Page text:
Revoking Kashmir’s Special Status
14/11/19 7:00 pmFree
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Earlier this summer, the Indian government repealed Article 370, stripping Kashmir of its autonomous status. This timely discussion examines the region’s history, contemporary tumultuous situation and uncertain future.
The current exhibition displays works created in Kashmir by Praneet Soi working with master craftsman Fayaz Jan and his atelier. The works are displayed alongside notes and legal texts written on the walls around the works including an extract from Article 370. In this evening four speakers discuss Kashmir in depth, from the local activists campaigning for independence, to the constitutional status of Kashmir and the prospects for peaceful resolution.
About the speakers:
Amina Mahmood Mir is a doctoral researcher at the University of Westminster in London. She is currently researching the self-determination groups across all the regions involved in the Kashmir conflict. Her ancestral roots lie in the Kashmir Valley but she has travelled and engaged with young people and scholars in both India and Pakistan-administered Jammu & Kashmir. She also advocates for awareness initiatives addressing gender equality in Kashmir.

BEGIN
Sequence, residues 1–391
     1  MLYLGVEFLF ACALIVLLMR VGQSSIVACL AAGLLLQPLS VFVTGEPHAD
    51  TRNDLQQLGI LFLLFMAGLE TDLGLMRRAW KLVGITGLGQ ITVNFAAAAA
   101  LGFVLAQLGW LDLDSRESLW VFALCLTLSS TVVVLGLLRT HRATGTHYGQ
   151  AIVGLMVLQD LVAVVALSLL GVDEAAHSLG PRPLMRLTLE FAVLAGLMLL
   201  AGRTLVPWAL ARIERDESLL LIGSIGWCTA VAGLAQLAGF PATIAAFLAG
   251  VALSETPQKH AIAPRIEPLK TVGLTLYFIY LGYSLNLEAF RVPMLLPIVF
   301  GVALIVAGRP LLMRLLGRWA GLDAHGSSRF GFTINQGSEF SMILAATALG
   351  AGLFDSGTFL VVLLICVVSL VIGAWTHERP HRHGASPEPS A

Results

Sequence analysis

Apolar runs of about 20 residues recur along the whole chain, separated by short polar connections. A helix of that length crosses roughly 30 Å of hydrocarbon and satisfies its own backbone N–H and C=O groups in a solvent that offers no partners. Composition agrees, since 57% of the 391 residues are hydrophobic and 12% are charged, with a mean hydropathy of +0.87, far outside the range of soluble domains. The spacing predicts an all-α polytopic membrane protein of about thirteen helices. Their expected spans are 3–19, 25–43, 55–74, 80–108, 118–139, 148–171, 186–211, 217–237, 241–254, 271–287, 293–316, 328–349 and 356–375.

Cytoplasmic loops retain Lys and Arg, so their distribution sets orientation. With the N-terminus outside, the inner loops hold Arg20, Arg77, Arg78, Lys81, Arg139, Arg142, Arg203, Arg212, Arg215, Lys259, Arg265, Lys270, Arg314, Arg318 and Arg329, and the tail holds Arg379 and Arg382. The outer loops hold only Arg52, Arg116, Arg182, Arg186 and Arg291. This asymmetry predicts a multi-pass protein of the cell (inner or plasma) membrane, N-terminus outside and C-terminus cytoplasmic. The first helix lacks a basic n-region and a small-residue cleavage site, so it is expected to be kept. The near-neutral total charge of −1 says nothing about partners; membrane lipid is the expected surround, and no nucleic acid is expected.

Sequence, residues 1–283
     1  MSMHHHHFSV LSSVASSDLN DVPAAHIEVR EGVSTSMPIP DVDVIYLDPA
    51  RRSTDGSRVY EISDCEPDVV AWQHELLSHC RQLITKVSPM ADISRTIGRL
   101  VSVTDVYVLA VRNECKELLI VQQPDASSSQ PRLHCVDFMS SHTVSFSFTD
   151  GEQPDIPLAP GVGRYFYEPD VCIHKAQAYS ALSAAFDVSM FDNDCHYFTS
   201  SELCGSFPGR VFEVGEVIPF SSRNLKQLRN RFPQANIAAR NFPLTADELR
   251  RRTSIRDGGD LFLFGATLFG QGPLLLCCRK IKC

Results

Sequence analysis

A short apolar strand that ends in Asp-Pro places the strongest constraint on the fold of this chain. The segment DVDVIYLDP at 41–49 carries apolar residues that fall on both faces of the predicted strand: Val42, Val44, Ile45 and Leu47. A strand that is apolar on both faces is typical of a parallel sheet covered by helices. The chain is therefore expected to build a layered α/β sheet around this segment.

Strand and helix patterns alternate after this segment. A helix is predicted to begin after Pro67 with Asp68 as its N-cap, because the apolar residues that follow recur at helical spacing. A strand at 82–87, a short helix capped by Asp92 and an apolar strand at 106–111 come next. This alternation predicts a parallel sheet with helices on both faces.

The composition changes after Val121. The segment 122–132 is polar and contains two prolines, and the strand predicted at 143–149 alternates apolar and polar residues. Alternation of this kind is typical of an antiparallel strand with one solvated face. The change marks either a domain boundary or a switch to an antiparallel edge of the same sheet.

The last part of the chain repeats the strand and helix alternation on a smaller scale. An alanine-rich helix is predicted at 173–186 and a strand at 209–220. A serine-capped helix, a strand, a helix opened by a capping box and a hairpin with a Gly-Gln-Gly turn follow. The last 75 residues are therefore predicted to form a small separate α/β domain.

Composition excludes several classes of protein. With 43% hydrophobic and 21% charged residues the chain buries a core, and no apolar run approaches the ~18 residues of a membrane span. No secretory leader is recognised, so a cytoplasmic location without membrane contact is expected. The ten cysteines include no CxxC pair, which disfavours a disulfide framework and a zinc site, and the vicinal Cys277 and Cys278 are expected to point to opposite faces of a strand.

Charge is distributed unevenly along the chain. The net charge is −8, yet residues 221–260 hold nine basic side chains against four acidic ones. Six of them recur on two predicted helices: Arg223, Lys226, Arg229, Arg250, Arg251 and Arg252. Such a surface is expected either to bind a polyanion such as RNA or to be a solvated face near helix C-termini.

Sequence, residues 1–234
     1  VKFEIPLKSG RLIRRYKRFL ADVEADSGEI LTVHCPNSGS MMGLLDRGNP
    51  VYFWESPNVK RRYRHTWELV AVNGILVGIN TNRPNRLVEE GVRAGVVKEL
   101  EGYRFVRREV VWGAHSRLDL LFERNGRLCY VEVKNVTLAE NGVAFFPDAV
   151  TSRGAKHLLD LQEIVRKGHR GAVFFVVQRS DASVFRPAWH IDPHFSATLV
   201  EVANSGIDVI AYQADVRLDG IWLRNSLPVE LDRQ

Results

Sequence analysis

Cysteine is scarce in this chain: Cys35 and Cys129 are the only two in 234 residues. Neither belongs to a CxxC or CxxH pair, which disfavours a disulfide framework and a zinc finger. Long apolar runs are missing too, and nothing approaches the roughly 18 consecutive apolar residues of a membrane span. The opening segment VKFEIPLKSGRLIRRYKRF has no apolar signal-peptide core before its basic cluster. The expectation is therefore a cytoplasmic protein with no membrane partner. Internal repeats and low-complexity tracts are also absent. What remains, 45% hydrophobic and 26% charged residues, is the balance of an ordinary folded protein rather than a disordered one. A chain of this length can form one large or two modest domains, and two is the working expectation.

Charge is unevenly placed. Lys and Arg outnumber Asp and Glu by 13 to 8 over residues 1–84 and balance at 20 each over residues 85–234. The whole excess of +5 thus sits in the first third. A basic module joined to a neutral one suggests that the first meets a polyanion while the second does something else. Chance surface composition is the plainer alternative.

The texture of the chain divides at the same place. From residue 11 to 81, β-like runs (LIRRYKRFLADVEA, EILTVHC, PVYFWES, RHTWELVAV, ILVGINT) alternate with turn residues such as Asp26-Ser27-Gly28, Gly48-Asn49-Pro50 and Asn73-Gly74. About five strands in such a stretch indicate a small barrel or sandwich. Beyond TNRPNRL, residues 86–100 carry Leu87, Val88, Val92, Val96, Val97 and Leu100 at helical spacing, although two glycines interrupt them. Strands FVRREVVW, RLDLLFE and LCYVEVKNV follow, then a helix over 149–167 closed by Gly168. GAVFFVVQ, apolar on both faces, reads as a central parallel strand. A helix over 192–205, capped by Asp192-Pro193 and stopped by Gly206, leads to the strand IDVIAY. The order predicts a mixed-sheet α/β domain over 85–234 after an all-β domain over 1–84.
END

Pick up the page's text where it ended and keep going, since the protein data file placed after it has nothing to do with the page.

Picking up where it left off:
Dr Nitasha Kaul is a multidisciplinary academic, novelist, poet, artist and economist. She has worked on themes relating to identity, democracy feminist and postcolonial critiques, Kashmir and Bhutan. Her novel ‘Residue’ (Rupa/Rainlight, 2014) about Kashmiris and the politics of identity across nation-state borders was shortlisted for the Man Asian Literary Prize. She is Associate Professor in Politics and International Relations at the University of Westminster, London.
Mirza Saaib Beg is a Kashmiri lawyer, currently based in London. He is a graduate of NALSAR University of Law, India. He has worked with parliamentarians, judges and activists on political, economic and legal issues of Kashmir. He regularly contributes through seminars and writing aimed at dialogue on legal and political issues of Kashmir.
Mariyeh Parveen Mushtaq is an MA candidate in Gender, Sexuality, and Culture at Birkbeck, University of London. She uses feminist research to understand women’s experiences of conflict and militarisation.